3. Serge, So we have reached the consensus - for me also camouflage is any coloring different from silver. Although the role played by MiG-17 and -17F in the VVS and in Polish Air Force was slightly different (most Polish-built Lims have been fitted with additional hardpoints for unguided rocket pods that made them rather close-support aircraft than fighters), the camouflage (featuring two-, three- or even four-colour uppersurfaces) appeared on Polish 17s in 1974-75. As the East German MiG-17s received camouflage also in the same period I really doubt if the VVS has introduced the camo od their -17s some 20 years earlier. Of course (after some 15 years of my museum job) I know that plenty of museum artefacts (not only aircraft) are exhibited in schemes and colours that have never been sported by them during their service life. Nevertheless AZ should say "the Kiev museum example in 21st century" and not "the VVS machine from late 50s". And of course add the rear fuselage for unreheated variant :)) Concerning the Yak-23 actually there are two of them in Krakow (of 7 preserved in Poland as whole) and measuring the intake diameter is not a problem at all. You will have this data this week. Cheers Michael BTW. Are there (even approximate) quantities known of the MiG-17 variants (-17, -17A, -17AS, -17F, -17R, -17P, -17PF, -17PFU) manufactured in the USSR? Some sources say that majority of them were the unreheated -17 while others name the reheated -17F the main (in numbers) variant. In Poland only the reheated variants (647 fighters and 129 radar-equipped interceptors) were manufactured, although a small number of unreheated Soviet-built MiG-17s have been also used.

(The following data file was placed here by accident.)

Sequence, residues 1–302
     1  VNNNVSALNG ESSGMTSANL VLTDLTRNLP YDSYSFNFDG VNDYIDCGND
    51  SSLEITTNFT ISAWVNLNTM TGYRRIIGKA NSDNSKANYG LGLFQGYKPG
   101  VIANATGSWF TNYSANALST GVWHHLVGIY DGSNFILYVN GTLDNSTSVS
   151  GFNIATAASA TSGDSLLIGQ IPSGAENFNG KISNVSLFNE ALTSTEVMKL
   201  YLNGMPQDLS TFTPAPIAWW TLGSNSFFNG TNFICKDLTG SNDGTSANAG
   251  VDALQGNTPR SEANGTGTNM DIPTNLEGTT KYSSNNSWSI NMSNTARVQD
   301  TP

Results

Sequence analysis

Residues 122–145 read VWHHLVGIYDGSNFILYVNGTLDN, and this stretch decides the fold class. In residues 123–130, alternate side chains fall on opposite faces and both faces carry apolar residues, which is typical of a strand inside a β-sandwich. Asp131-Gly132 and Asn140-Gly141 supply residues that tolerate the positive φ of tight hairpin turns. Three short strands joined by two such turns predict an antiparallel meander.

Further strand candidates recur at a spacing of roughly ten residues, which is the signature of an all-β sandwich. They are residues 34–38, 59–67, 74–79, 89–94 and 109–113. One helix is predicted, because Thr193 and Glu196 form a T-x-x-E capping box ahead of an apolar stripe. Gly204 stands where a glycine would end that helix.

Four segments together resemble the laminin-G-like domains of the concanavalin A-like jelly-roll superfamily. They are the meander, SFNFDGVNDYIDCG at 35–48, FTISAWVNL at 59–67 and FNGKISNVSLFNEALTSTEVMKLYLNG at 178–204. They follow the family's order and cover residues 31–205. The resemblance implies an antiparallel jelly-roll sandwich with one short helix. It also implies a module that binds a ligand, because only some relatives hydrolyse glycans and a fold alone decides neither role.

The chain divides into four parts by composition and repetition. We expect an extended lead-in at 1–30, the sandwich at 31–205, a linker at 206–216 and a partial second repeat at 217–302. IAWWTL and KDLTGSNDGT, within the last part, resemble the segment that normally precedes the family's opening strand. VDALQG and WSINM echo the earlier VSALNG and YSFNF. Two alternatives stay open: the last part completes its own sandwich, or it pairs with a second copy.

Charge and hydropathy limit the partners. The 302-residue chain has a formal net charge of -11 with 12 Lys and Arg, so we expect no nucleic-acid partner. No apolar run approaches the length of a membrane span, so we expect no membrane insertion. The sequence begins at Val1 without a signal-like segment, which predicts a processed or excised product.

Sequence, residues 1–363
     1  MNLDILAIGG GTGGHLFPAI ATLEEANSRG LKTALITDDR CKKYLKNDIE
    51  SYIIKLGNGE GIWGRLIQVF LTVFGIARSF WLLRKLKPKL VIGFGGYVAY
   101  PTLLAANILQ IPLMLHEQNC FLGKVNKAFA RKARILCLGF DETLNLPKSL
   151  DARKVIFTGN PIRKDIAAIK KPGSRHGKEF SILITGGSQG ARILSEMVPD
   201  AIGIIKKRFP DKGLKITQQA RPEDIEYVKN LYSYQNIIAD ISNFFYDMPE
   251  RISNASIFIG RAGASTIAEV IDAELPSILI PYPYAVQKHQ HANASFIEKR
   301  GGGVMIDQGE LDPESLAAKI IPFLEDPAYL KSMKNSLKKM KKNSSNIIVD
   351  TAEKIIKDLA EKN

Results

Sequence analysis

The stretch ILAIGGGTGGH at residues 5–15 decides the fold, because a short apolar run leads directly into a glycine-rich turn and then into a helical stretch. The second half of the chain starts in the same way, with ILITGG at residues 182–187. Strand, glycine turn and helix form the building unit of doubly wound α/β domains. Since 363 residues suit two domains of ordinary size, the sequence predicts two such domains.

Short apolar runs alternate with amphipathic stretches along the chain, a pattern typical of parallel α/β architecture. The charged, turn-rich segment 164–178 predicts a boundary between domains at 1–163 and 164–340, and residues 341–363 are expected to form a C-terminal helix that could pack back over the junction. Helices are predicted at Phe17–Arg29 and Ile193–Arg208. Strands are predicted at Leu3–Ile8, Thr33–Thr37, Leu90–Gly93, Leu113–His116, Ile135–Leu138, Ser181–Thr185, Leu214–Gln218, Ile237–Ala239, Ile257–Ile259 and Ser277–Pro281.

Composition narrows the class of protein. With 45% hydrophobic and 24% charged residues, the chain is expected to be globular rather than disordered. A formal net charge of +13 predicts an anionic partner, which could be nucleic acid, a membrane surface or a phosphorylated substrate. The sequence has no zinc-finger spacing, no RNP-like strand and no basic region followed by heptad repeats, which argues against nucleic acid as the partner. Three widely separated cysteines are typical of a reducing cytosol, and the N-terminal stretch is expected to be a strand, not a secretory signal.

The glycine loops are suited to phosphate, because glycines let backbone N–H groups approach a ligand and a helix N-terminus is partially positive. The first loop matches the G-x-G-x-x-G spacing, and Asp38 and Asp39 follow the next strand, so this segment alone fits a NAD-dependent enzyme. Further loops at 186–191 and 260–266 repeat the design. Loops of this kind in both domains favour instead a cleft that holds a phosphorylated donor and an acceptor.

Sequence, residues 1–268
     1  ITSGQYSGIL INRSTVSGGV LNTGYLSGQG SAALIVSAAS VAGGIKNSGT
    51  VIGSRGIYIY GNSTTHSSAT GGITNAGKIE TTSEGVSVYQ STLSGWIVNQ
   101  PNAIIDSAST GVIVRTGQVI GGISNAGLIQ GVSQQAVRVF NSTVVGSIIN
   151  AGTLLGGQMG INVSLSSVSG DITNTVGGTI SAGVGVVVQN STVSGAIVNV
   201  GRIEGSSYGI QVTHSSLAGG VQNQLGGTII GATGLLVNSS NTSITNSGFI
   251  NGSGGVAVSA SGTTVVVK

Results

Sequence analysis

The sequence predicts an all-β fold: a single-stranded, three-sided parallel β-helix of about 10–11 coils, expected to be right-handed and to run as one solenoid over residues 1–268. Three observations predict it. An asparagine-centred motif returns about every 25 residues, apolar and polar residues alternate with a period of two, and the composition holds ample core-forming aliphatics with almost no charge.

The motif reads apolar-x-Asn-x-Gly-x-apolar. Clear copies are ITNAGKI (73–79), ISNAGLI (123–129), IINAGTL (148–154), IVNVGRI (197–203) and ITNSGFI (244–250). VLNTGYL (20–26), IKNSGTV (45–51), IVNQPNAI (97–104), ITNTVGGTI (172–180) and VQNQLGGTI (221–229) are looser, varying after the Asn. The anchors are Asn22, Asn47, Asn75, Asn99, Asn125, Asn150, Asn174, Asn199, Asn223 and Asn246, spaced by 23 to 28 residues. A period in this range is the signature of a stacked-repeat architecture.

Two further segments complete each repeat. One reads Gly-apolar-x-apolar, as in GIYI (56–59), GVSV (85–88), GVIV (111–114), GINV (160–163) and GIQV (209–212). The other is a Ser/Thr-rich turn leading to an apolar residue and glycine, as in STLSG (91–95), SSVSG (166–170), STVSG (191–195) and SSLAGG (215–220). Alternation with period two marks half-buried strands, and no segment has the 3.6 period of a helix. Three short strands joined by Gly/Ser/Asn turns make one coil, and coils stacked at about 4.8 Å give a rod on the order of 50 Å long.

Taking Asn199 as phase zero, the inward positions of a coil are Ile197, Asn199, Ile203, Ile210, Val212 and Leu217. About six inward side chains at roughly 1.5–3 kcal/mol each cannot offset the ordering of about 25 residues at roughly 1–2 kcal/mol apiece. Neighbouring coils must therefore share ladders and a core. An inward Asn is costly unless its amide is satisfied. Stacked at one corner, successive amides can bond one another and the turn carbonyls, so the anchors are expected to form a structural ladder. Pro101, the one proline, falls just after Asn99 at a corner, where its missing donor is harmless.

4. Serge, I have NEVER said that there were no camouflaged MiG-17s sporting red stars. Read my post WITH UNDERSTANDING once again please I just have said that AZ made the mistake (not for the first time though), as: the very aircraft they portrayed was NOT MiG-17F, but earlier MiG-17 with unreheated VK-1A engine and slim airbrakes the camouflage they (properly) show was not introduced in the "late 50s" but in early 70s - both in the VVS and in the DOSAAF by the way The photos (and the whole thread) you linked also shows ONLY unreheated variant and the pictures are dated 1982-83, thus they don't deny my words in any way Cheers Michael
  5. Polish RAF Mustang III

    Lack of Fin Flashes and yellow wing leading edges make this Mustang less colourful than it should be... Cheers Michael